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Cast iron frying pan/skillet


Eyesa Horg

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On 11/24/2023 at 1:31 PM, Marshal Mo Hare, SASS #45984 said:

What you can’t do is put it in the sink and let it soak.

Why not?  I do and have had NO negative problems.  Simply dry it well, re-season it, and use the bejabbers out of it,

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I prefer not to, but on occasion have left water in a pan overnight with no harm.  A week, you wouldn't ruin the pan, but you would have some work ahead of you.  There is a good site on collecting and restoring.  If I can find it I'll add it.  About the only cast iron i have seen completely ruined was some that went through a house fire.  https://www.castironcollector.com/

Edited by Rip Snorter
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For the real crusted up skillet,  I put about a 1/4" of water in it and put it on the range. Heat until steaming and use metal spatula to scrap up crud. Dump, whip out and melt a dollop of lard in it. 

 

I've heard it said that you shouldn't use iron on a glass stove top. But it works.

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I'm the odd cook out.  I don't like new cast iron.  In the old days the cooking surface of cast iron cookware was sanded or machined to a smooth finish. New cast cookware especially Lodge is left as cast with a rough finish inside. Takes forever to properly season.

 

Avoid the chinese cookware like the plague.

 

I use a sanding disk and sand the cooking surface till it is almost mirror smooth. Then I season it with lard or Crisco. I don't use oil. It burns too easily.  Usually apply a coat a day followed by a trip through the oven every day for a week. 

 

If something does stick I fill the skillet with water and boil it. Then scrub with a chore boy. Heat to dry and then re-season.

 

Do as suggested and test used cookware for lead contamination.

 

 

 

Edited by Sedalia Dave
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Many, many years ago, a group of 7 or 8 of us young adults would drive a couple weekends every month over to the central Ca coast to spearfish and SCUBA dive after then-abundant red abalone, pismo clams, rock scallops, crab, and various fish.  We would camp on the beach at Cayucos, right in the middle of town.  Beach camping was popular then, at least for the first couple years.  We'd have a driftwood campfie, a quiet guitar jamb session, a lot of story telling--some of it true-- and a hearty cast iron cooked dinner. Sometimes a local or two would hear the music or smell the food and walk down and join us for the evening.

 

Somewhere, I had acquired a big, heavy, oval +-10x25x5" covered cast iron caserole pan that we used for cooking.  We would dig a sand pit, fill the bottom with hot charcoal, throw a little damp kelp over the coals, then put the covered pan on top, loaded near the top with all of the aforementioned goodies, plus a couple cans of either Campbells tomato soup or Campbells cream of mushroom soup and some water, Sherry and spices.  Another layer of kelp and hot charcoal covered the top.  It would just sit and roast for near an hour.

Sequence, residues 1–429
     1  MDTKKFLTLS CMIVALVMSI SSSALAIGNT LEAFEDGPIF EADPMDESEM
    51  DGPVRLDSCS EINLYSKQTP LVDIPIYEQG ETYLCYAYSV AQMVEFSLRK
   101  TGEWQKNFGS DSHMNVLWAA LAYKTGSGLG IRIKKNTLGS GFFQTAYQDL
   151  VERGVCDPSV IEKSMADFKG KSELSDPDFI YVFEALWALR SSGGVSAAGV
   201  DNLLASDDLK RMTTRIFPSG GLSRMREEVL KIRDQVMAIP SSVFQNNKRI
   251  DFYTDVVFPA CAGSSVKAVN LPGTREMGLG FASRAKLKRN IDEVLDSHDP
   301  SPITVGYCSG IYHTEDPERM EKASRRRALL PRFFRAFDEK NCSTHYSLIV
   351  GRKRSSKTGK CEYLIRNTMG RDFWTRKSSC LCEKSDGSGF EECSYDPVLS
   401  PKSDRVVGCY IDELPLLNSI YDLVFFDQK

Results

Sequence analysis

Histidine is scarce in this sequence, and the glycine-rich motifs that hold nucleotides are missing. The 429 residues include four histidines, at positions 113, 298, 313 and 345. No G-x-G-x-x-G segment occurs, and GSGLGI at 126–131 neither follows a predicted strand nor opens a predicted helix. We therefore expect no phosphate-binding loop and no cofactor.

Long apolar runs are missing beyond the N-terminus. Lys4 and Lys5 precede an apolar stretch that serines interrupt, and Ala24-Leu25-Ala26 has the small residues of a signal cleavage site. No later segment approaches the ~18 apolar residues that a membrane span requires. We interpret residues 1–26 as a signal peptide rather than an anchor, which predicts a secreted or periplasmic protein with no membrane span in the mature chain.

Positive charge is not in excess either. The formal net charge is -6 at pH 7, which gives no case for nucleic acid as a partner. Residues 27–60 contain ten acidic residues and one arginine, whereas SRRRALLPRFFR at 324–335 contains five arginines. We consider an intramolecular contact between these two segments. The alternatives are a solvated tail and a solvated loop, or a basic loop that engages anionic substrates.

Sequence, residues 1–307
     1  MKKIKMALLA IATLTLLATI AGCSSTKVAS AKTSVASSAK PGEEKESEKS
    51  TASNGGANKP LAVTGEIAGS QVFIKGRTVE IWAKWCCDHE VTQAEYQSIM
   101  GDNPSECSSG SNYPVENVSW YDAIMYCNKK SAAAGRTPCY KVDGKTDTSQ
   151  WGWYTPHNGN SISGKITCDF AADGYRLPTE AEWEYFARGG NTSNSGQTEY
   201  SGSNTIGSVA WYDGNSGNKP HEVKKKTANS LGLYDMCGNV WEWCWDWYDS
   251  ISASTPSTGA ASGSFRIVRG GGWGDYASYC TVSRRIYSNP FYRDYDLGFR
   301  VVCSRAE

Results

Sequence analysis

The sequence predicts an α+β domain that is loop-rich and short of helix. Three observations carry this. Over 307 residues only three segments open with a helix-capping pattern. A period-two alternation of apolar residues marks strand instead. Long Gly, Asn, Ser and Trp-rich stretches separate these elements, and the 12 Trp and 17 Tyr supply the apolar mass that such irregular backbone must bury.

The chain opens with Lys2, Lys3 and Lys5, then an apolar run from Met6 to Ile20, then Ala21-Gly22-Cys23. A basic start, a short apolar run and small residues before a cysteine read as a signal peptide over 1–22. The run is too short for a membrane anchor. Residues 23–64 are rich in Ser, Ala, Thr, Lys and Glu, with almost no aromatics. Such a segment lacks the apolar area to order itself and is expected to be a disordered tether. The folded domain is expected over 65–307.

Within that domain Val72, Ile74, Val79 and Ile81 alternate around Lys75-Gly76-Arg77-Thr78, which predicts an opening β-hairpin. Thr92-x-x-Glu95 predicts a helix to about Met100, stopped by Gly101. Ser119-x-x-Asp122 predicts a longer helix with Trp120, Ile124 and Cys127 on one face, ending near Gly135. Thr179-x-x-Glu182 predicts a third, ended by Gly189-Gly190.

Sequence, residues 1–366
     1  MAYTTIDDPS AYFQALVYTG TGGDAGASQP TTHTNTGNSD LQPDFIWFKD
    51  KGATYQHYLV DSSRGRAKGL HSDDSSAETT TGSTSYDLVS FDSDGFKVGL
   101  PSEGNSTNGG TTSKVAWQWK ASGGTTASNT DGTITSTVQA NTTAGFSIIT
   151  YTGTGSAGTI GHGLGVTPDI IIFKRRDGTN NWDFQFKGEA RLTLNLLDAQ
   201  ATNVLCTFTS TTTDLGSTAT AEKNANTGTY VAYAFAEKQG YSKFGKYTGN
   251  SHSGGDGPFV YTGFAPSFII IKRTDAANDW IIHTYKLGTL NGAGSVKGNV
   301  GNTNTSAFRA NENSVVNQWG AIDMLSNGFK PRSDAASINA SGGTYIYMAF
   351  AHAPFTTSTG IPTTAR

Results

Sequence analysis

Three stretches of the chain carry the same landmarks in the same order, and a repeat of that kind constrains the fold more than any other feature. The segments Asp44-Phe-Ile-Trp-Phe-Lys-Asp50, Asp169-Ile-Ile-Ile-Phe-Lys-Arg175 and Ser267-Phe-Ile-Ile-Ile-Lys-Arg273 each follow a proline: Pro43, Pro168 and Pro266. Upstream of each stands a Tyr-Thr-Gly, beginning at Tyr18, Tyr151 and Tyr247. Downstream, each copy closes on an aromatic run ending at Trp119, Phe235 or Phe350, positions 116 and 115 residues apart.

In a separate Dutch oven, I would usually cook a 14x6" round loaf of sourdough bread.   I had to prep the batter, etc in the morning and leave it in the van to rise throughout the day while we were diving.  

A couple of times, on warm days, I had yeasty dough all over the upholstery.

 

You can envision the evening and meal.   Those were some of the best of times.  

 

When the City of Cayucos finally prohibited beach camping, nobody told us.  Just as we were opening up the Choppino and dumping out the bread one breezy Saturday evening, two uniformed city officers approached us.  They were entirely decent with us, since we didn't look like deadbeats and the regulation was brand new.  The aroma, plus our friendly  invite overcame them and they sat down for a short time for a plate of choppino.  They let us stay that night, provided we put out the fire, which we did.  

 

Again, Very Good Times back then, and great Dutch oven memories. 

Sorry for rambling.  I got kinda carried away.  The memories are as good as the food!

 

Edited by Dusty Devil Dale
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13 minutes ago, Dusty Devil Dale said:

Many, many years ago, a group of 7 or 8 of us young adults would drive a couple weekends every month over to the central Ca coast to spearfish and SCUBA dive after then-abundant red abalone, pismo clams, rock scallops, crab, and various fish.  We would camp on the beach at Cayucos, right in the middle of town.  Beach camping was popular then, at least for the first couple years.  We'd have a driftwood campfie, a quiet guitar jamb session, a lot of story telling--some of it true-- and a hearty cast iron cooked dinner. Sometimes a local or two would hear the music or smell the food and walk down and join us for the evening.

 

Somewhere, I had acquired a big, heavy, oval +-10x25x5" covered cast iron caserole pan that we used to cook.  We would dig a sand pit, fill the bottom with hot charcoal, throw a little damp kelp over the coals, then put the covered pan on top, loaded near the top with all of the aforementioned goodies, plus a couple cans of either Campbells tomato soup or Campbells cream of mushroom soup and some water, Sherry and spices.  Another layer of kelp and hot charcoal covered the top.  It would just sit and roast for near an hour. 

In a separate Dutch oven, I would usually cook a 14x6" round loaf of sourdough bread.   I had to prep the batter, etc in the morning and leave it in the van to rise throughout the day while we were diving.